When trees are cut down, they are often taken to a local processing plant that can handle large items. There, the wood is ground into mulch, which is then resold and used in the landscape industry. Mulch can be packaged or sold in bulk. Alternatively, the wood can be burned on the spot, although this may take longer since it needs to be dried first.
Cutting down trees also encourages regeneration and future forests. Different tree species have different requirements for light, soil, water, etc., so opening up a space in a way that encourages the desired species is important for obtaining the types of forests we want to see. Trees are essential for the environment; they provide habitat for 80% of terrestrial animals and plants, keep soil moist and cool, and help boost the water cycle by expelling 150 tons of water into the atmosphere every year. Without trees, the earth will warm and dry out, and dead wood will inevitably cause huge wildfires. Trees also play an important role in carbon storage; as they grow, they convert carbon dioxide into food and store it in their leaves, trunks and roots.
However, if trees get too crowded, they compete for light and water, and stressed trees are more susceptible to drought and insect attacks. In this case, removing some trees can facilitate competition and allow the remaining trees to grow large and healthy. Millions of people visit forests every year to relax, play or exercise. In addition, many families are choosing to honor a loved one with a living bio-tree urn to grow a tree of memories of a loved one. However, any of these trees can be a potential hazard to our staff or to people who enjoy the outdoors.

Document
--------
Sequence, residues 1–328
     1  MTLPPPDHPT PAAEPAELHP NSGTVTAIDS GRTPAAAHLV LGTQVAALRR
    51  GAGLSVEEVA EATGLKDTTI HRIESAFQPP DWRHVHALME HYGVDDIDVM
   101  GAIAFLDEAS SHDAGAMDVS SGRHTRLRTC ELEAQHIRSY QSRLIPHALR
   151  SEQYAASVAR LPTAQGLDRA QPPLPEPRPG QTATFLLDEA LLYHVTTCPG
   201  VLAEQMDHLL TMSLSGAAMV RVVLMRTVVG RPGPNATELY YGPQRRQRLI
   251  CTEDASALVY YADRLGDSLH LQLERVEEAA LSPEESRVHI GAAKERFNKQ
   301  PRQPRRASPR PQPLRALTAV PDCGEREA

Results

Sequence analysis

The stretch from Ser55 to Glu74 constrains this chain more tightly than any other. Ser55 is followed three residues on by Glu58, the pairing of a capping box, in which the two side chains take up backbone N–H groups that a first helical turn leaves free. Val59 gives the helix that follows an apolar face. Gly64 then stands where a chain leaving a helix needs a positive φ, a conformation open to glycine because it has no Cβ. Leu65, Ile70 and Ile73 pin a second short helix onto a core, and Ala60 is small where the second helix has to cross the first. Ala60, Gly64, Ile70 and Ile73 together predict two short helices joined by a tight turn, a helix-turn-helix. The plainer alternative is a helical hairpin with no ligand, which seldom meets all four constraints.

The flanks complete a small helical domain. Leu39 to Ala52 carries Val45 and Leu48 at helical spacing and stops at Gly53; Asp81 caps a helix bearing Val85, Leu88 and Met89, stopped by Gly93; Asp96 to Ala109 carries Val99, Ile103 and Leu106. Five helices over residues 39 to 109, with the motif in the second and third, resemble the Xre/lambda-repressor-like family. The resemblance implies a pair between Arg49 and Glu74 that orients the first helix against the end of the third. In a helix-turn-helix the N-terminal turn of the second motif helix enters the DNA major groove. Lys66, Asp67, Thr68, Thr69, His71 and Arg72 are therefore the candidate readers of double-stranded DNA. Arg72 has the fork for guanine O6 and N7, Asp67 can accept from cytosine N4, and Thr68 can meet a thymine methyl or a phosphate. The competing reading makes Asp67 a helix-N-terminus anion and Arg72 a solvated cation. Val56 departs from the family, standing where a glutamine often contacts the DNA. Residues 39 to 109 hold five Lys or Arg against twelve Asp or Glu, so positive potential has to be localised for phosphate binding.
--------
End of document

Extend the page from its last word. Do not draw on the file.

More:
We will let you know if your tree can be recovered with professional care or if it is time to remove it. Forests are cut down for many reasons, but most of them are related to money or people's need to support their families. Thinning treatments on mature trees have not been so successful because leftover trees were already weakened by competition. A quicker and more permanent way to treat tree stumps is to treat shoot leaves with herbicide. If everyone aged 15 to 65 were given a chainsaw, they would have to cut down 625 trees each year which could be manageable. The timber industry is currently reducing 15 billion a year so at the current rate it would take at least 200 years to tear them all down - probably much more because it is difficult to reach a large number of virgin forests. Tree stumps scattered across a well-kept lawn stand out like sore thumbs, ruining the aesthetics of your landscape.
Cut them with pruners just below ground level or preferably at the point where they meet the roots or stump, removing the parts of the stump that are sprouting.